Tennis players would need to bring an extra 50 cents to their next match, and a baseball team would need to pony up $5 more to use a local field under a proposal to increase fees at city parks.
The proposed increases are part of a regular review to make sure Raleigh’s fees are competitive but not cost-prohibitive.
“We want to be at a rate that doesn’t restrict people from participating,” said Scott Payne, assistant director at the Raleigh Parks, Recreation and Cultural Resources Department.
Payne said Raleigh officials look at what similar cities are charging, participation rates and maintenance costs to determine the increases.
The fees are split into a three-year review cycle. Youth sports registration fees and athletic fields, courts and open space rental fees are under consideration this year.
The city also will consider new fees for Mordecai Historic Park’s visitor center, which opened in July, and for large shelter rentals at Durant Nature Park and Lake Wheeler Nature Park.
The proposal would increase the rate for tennis court reservations by 50 cents per half hour, from $1.50 to $2. Field, court and open space rentals would increase from $25 to $30, and youth sport registrations would increase from $18 to $20 for city residents.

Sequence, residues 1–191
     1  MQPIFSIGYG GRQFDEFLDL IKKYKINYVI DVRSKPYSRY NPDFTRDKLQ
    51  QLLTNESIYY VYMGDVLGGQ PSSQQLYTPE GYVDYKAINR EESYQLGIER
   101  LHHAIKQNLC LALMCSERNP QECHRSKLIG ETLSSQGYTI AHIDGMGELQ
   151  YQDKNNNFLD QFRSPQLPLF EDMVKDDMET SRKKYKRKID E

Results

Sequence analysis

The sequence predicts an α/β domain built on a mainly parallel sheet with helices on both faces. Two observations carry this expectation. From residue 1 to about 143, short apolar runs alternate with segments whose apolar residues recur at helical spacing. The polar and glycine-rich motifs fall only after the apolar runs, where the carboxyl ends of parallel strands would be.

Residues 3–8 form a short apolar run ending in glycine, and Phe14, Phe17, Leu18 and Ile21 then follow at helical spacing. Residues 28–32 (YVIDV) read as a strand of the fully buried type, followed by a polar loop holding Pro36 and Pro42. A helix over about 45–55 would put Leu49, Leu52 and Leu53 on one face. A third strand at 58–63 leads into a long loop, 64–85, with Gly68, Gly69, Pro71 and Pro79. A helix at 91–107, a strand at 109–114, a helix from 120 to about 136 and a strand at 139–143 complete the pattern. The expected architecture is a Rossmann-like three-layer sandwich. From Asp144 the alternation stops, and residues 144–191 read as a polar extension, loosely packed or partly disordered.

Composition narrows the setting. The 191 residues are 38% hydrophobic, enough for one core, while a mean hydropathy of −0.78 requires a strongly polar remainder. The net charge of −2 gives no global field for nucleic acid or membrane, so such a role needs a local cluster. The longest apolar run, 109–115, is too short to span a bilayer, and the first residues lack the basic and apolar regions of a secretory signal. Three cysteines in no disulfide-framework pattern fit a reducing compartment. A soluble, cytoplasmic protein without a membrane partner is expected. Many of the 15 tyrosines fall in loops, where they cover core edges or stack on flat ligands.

The rates would take effect July 1.
The West Raleigh Baseball Association frequently rents fields for practices, spending tens of thousands of dollars annually.
James Poole, president of the West Raleigh Exchange Club, which runs the league, said the increases aren’t a problem as long as the city keeps the fields in good condition.
“We don’t have a problem with the fee raise. We understand that you have to do that,” he said. “In return, all we ask is that they maintain the fields and keep them in a playable position.”
At Mordecai Historic Park, the rates to rent the visitor center would range from $75 per hour for the use of a classroom to $1,400 for an eight-hour rental of the chapel, park grounds and visitor center gallery. The proposed fees are higher for people who don’t live in Raleigh.
The parks and recreation advisory board is scheduled to discuss the potential increases Thursday night, with a vote expected in February. The proposal would then go to the City Council for a final vote.